Michigan ACLU Files Federal Lawsuit Against Saugatuck Over Street Musician Arrest
The American Civil Liberties Union of Michigan (ACLU) filed a federal lawsuit in Grand Rapids Wednesday against the City of Saugatuck in a case involving two street musicians - one who was arrested here last summer.
Gabriel Sikon Novak, 19, of Birmingham, MI, was arrested last June after authorities first asked him to leave a Butler Street sidewalk (he did) and then returned the next day and began playing saying he had a constitutional right to do so.
After refusing several requests to vacate the sidewalk - a public right-a-way - Novak was then arrested and spent two nights in the Allegan County Jail charged with violating a Saugatuck ordinance of not having a public entertainment license and a felony count of assaulting/resisting/obstructing a police officer.
Novak later plead guilty to disturbing the peace and paid a $425 fine. The felony charge was dismissed.
Another college musician, viola player Christopher Waechter, was not arrested, but also claims his free speech rights were violated.
The federal lawsuit against the city stems from that incident.
“Silencing artists for playing music in public is an egregious violation of free speech principles,” Michael Steinberg, legal director for American Civil Liberties Union, said Wednesday, in a written statement.
“It’s not a case of the city not wanting music or musicians here and not a case of free speech rights, but of public safety,” said Harrier.
“This case dealt with public safety and protecting the city’s right-of-ways. The performer was told he could play in our city park where he would not cause a safety issue by drawing crowds of people on the busy sidewalks. He was twice asked to leave by authorities and he refused. So he was arrested. He also had not obtained a public performance permit which is required.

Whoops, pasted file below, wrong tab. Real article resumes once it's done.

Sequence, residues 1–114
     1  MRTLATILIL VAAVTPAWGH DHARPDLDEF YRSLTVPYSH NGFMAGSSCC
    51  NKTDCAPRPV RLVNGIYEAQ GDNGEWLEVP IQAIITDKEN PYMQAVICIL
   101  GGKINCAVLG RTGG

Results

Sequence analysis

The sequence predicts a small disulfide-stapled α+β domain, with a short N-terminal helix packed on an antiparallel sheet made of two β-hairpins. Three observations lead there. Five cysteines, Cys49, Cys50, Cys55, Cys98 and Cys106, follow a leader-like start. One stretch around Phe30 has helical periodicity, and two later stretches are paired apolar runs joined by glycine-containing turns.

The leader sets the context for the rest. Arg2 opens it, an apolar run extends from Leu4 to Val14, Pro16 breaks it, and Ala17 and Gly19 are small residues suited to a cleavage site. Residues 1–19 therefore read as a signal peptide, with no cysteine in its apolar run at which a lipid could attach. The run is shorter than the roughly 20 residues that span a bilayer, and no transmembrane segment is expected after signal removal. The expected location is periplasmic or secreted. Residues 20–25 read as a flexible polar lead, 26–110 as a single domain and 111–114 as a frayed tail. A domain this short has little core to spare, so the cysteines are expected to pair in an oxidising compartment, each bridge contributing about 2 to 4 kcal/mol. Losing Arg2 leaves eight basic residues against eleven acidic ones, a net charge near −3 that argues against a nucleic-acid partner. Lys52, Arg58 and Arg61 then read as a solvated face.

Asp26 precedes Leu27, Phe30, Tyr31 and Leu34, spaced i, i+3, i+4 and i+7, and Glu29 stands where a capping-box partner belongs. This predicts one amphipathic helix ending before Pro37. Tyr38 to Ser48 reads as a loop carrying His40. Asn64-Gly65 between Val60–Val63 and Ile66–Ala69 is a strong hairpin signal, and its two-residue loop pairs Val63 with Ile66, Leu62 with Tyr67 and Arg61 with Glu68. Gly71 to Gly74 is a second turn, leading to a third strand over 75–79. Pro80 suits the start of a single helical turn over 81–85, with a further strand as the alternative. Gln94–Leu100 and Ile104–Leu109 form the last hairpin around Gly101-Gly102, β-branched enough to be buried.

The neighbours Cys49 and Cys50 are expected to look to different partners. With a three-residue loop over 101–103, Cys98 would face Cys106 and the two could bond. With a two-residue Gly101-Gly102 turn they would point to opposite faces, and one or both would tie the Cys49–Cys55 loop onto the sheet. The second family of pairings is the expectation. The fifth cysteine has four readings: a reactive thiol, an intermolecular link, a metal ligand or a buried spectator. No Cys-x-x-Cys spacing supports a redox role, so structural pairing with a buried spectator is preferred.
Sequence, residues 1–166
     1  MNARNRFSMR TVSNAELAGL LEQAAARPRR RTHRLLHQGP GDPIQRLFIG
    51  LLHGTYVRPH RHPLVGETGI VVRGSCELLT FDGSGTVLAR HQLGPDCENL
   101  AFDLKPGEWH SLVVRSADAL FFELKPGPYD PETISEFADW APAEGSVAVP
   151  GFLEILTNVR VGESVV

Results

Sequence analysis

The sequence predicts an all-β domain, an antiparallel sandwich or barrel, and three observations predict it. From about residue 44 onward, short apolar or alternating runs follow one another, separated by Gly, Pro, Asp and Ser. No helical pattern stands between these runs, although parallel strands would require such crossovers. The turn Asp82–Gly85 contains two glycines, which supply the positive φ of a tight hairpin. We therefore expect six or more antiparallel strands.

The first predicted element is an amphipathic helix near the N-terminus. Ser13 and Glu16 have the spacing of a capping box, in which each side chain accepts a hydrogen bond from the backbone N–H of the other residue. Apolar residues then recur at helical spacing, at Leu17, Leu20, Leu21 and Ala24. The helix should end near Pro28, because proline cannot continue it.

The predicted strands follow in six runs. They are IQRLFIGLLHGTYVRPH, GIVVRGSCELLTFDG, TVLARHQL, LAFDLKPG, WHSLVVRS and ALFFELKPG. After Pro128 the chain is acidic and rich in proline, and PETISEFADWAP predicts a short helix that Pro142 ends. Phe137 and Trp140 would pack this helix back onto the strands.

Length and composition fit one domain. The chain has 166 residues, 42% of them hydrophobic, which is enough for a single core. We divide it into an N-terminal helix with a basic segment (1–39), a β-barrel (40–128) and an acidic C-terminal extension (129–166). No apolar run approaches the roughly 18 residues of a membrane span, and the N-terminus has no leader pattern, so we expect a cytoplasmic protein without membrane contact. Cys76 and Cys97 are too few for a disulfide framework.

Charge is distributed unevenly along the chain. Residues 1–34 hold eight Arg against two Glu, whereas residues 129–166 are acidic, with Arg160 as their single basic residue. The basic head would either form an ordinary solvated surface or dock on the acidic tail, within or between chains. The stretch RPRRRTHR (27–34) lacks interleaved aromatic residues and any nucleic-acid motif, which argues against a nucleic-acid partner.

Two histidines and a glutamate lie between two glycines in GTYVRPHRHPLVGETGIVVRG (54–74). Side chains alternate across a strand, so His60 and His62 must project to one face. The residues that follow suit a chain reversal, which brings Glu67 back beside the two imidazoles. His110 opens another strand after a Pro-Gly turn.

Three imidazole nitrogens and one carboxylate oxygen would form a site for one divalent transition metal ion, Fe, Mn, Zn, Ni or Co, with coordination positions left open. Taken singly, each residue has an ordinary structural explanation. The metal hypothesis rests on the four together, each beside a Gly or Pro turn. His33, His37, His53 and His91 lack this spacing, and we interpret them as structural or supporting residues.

“The bottom line it was a public safety issue and concern, not a free speech rights issue,” added Harrier.
The Saugatuck city manager also questioned why the ACLU did not contact his office - or anyone from the city - prior to filing the federal lawsuit.
In a written email to Steinberg, Harrier was obviously perturbed about never having been contacted by the ACLU before it filed the lawsuit. In the email, Harrier stated:
“If the ACLU had an issue it was compelled to look into why wouldn’t you contact the city first to discuss, or at least try to get all the facts in this matter, versus filing a federal lawsuit and issuing a press release with inaccurate and one-sided information?”
“It seems the ACLU is more interested in creating drama and costing taxpayers unnecessary legal expenses versus actually working towards solutions to issues in a cost-effective and productive manner. Just wondering why?” wrote Harrier.
“One would think there would be more of an ethical responsibility on your part to contact a person before filing a lawsuit against them.”
Steinberg responded: “Given that there is a case filed and I’m sure you have counsel, I have an ethical duty not to speak with you without permission from your counsel. I’m more than happy to speak with you about this though, with permission from counsel.”
Harrier said he has turned the matter over to the city attorney.